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Tick Control Questions and Answers - Wood Radio- Grand Rapids

Saturday, April 20, 2019

Rose Pest Solution's Grand Rapids District Manager David Popp joins Betsy Thompson and Dan Hansen on Wood Radio in Grand Rapids, Michigan to take listener questions about tick prevention and control!

[Betsy Thompson]  But before we get to that, we want to talk about something that's out there lurking that I heard on the radio the other day. Ticks are going to be a huge probably in Michigan this year.

[Dan Hansen]  Ticks?

[Betsy Thompson]  Yeah. We thought it was bad last year, but apparently, this year is going to be like a bumper crop.

[Dan Hansen]  Oh great. That's the last thing I need.

[Betsy Thompson]  Yeah, I know.

[Dan Hansen]  I don't do well with bugs as it is.

[Betsy Thompson]  Yeah. Me neither. Especially not this kind of bug.

[Dan Hansen]  No. So we've got David [Pop ], district manager of Rose Pest Solutions in Grand Rapids in the studio with us, and he's going to go over all things tick related. David, thanks for taking the time to be here with us.

[David Popp]  You're welcome.

[Dan Hansen]  Now David, ticks are kind of a big concern for me. You know, I've got a large family and we spend a lot of time outdoors. In fact the other day ... Did I tell you this Betsy, that my wife came in from without outside and she noticed, "Oh there's a little spider on me." And then we all realized it was a tick, so there was a lot of screaming, a lot of shouting, and a lot of chaos. All of a sudden this whole tick thing got real for me. So David, what I need to know is, what can I do to keep myself, my family safe, the people that visit? What can our listeners do to keep themselves safe?

[David Popp]  We've got a great state here, and it's nice to be able to enjoy this state. We've got a lot of trails and landscape to be able to see. The important thing is if you're going to be in an area that's known for ticks, like trails, for instance, if you're going down a trail, go right down the center. Don't try to go the edge of it, going into the brush or the grass. It's important to stay in the middle of it because you can pick up the ticks just by doing that. If you're going to go deep into a trail, make sure that you're wearing long pants and that the pants are, as an example, inside boots, that kind of thing.

[Dan Hansen]  Oh really?

[David Popp]  Oh, protect yourself in that regard. Ticks like to be in shaded areas where there's maybe a higher moisture content. So if you're going to be back in those areas, we'll wear long pants and the boots. You can always utilize an insect repellent like DEET.

[Dan Hansen]  Okay. I am itchy right now.

[Betsy Thompson]  Well, I have to ask, your wife. Where was she? Because there are no woods around your house. I mean your house is not in a wooded area. So is this something that they're just in the bushes? I mean ...

[David Popp]  They're ... And I don't know if you're mowing your lawn well, but that's one thing that you want to make sure you're doing is keep the grass down.

[Dan Hansen]  I do a really good job, David.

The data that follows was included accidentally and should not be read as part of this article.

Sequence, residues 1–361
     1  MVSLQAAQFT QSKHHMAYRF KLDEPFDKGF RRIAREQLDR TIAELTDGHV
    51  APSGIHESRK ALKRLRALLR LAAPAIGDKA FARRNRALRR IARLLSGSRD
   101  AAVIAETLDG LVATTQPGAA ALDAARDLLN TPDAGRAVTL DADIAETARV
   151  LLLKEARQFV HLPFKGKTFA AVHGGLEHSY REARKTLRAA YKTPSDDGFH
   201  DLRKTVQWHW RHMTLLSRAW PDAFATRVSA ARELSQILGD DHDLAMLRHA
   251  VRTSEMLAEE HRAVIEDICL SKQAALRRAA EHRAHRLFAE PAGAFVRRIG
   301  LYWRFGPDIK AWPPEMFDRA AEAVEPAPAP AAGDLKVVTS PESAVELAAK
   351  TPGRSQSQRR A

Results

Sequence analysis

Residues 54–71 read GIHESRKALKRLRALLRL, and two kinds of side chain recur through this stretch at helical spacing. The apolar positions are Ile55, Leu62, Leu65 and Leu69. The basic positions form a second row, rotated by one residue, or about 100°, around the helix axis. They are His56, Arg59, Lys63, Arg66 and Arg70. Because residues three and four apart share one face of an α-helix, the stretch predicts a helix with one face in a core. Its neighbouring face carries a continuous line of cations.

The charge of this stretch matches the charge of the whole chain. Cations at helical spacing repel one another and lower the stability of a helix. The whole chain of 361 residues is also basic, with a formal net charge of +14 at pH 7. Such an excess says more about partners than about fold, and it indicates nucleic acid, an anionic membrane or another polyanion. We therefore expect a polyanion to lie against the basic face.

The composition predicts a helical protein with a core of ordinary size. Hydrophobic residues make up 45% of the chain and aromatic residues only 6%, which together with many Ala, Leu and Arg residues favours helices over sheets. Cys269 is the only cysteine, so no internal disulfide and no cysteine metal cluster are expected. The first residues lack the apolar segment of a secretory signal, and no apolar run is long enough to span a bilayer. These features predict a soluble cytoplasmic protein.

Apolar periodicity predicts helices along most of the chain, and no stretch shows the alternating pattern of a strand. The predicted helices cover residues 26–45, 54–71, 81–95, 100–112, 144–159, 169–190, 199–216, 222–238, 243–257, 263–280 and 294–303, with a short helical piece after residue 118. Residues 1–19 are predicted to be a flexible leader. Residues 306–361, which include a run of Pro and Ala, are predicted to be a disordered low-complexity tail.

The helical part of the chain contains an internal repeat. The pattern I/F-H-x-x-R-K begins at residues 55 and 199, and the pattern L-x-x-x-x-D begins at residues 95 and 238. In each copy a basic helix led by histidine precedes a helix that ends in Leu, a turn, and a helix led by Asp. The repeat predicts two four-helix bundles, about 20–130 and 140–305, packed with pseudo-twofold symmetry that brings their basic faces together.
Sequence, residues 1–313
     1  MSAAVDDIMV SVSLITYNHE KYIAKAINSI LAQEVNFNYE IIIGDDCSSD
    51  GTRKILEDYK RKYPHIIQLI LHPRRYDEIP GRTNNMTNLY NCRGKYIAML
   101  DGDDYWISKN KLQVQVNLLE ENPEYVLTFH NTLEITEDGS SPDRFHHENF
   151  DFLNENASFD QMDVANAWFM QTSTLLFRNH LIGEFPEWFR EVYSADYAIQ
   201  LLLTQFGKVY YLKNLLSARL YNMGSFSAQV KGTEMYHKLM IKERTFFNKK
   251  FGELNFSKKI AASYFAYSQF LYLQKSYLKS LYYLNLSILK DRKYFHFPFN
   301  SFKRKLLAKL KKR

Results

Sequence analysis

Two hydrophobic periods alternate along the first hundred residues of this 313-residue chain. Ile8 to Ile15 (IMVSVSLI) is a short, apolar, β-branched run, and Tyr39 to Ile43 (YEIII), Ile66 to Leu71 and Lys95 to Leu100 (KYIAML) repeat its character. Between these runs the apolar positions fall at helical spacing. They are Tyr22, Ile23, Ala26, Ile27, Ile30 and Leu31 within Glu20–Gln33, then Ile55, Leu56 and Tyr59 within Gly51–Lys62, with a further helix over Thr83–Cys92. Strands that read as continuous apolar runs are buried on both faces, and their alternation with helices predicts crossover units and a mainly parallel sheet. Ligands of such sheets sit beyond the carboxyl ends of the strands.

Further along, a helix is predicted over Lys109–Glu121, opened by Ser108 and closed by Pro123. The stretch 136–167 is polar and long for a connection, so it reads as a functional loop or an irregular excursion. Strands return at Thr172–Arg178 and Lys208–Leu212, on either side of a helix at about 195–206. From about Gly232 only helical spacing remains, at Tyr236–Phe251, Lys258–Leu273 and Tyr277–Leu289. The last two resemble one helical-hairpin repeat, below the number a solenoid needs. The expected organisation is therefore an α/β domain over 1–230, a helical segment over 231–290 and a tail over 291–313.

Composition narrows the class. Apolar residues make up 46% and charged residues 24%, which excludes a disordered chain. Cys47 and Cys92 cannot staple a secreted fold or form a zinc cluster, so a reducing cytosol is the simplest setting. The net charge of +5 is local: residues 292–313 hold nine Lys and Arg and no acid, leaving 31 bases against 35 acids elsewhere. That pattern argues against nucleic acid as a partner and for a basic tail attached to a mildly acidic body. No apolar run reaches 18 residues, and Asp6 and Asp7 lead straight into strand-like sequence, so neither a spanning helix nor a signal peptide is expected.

[David Popp]  That's good.

[Dan Hansen]  I don't know what you've heard.

[Betsy Thompson]  He mows at least once a week. We hear all about it.

[Dan Hansen]  Sometimes twice. And then I like to complain about it.

[Betsy Thompson]  Yes.

[David Popp]  Ticks, like I said, they're going to be in a shaded area. They like the high brush because what they do is they actually put themselves on a, say a tall piece of grass, and they kind of sprawl out their legs. And what happens is, is as you go by or as a rodent goes by, or a deer, or anything like that, they'll attach themselves if you brush up next to them. So keeping that kind of thing down will help out. If you're living in an area where there's a lot of, for instance, a lot of deer, the ticks are going to be there, especially the Black-Legged tick or Deer tick. That's going to be around those areas. And that's the one of importance. Right now, there are five different species of tick that are really prevalent in Southwestern Michigan. You have the American Dog Tick. You have the Black Legged or Deer tick. The Lone Star tick, the Woodchuck tick-

[Dan Hansen]  That one sounds fun. The Lone Star-

[David Popp]  It's got a nice little white spot on it, and it's just called the Lone Star.

[Betsy Thompson]  It sounds really big.

[Dan Hansen]  Yeah. Like Texas.

[David Popp]  And the Brown Dog Tick. The Black Legged or Deer tick is the one that's carrying right now the Lyme's disease. That's the one that's really of importance, that people are really concerned about. But the American Dog tick and a couple of the other ticks do carry Rocky Mountain Spotted Fever.

[Betsy Thompson]  Oo.

[David Popp]  And that's of concern as well.

[Dan Hansen]  That's not as fun as it sounds. [crosstalk ].

[Betsy Thompson]  No.

[Dan Hansen]  These are all ... I got to say, I'm sorry, but they are really cool names. They're like country song names. American Dog Tick-

[Betsy Thompson]  They are really cool names, but they're really horrible things-

[Dan Hansen]  ... Rocky Mountain-

[Betsy Thompson]  ... that they give you.

[Dan Hansen]  Yeah, no. But how was that again? Rocky Mountain ...

[David Popp]  Rocky Mountain Spotted Fever.

[Dan Hansen]  It's like something John Denver probably ... So all of these things are really bad. And very prevalent even in our area?

[David Popp]  Well, yeah. The Black Legged tick is about 15% of the tick population. One thing I want to say too, is that if you find a tick that's on your skin, if you find that tick quick enough, and say it's already embedded, the actual bacterium that's in the midgut of the tick actually does not get transferred from anywhere from about 36 to 48 hours. So you have time to be able to remove that tick before any disease transfer happens.